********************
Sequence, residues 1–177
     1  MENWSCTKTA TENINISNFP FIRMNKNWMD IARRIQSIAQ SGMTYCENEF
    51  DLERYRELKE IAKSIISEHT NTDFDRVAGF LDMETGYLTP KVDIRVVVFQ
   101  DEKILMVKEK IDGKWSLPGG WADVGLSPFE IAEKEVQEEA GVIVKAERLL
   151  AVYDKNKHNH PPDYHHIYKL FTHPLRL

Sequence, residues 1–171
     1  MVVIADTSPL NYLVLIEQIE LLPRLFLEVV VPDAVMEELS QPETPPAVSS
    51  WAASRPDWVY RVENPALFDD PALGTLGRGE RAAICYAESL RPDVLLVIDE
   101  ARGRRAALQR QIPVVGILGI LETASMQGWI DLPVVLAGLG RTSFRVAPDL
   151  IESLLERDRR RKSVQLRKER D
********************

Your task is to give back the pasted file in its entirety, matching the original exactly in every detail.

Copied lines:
Sequence, residues 1–177
     1  MENWSCTKTA TENINISNFP FIRMNKNWMD IARRIQSIAQ SGMTYCENEF
    51  DLERYRELKE IAKSIISEHT NTDFDRVAGF LDMETGYLTP KVDIRVVVFQ
   101  DEKILMVKEK IDGKWSLPGG WADVGLSPFE IAEKEVQEEA GVIVKAERLL
   151  AVYDKNKHNH PPDYHHIYKL FTHPLRL

Sequence, residues 1–171
     1  MVVIADTSPL NYLVLIEQIE LLPRLFLEVV VPDAVMEELS QPETPPAVSS
    51  WAASRPDWVY RVENPALFDD PALGTLGRGE RAAICYAESL RPDVLLVIDE
   101  ARGRRAALQR QIPVVGILGI LETASMQGWI DLPVVLAGLG RTSFRVAPDL
   151  IESLLERDRR RKSVQLRKER D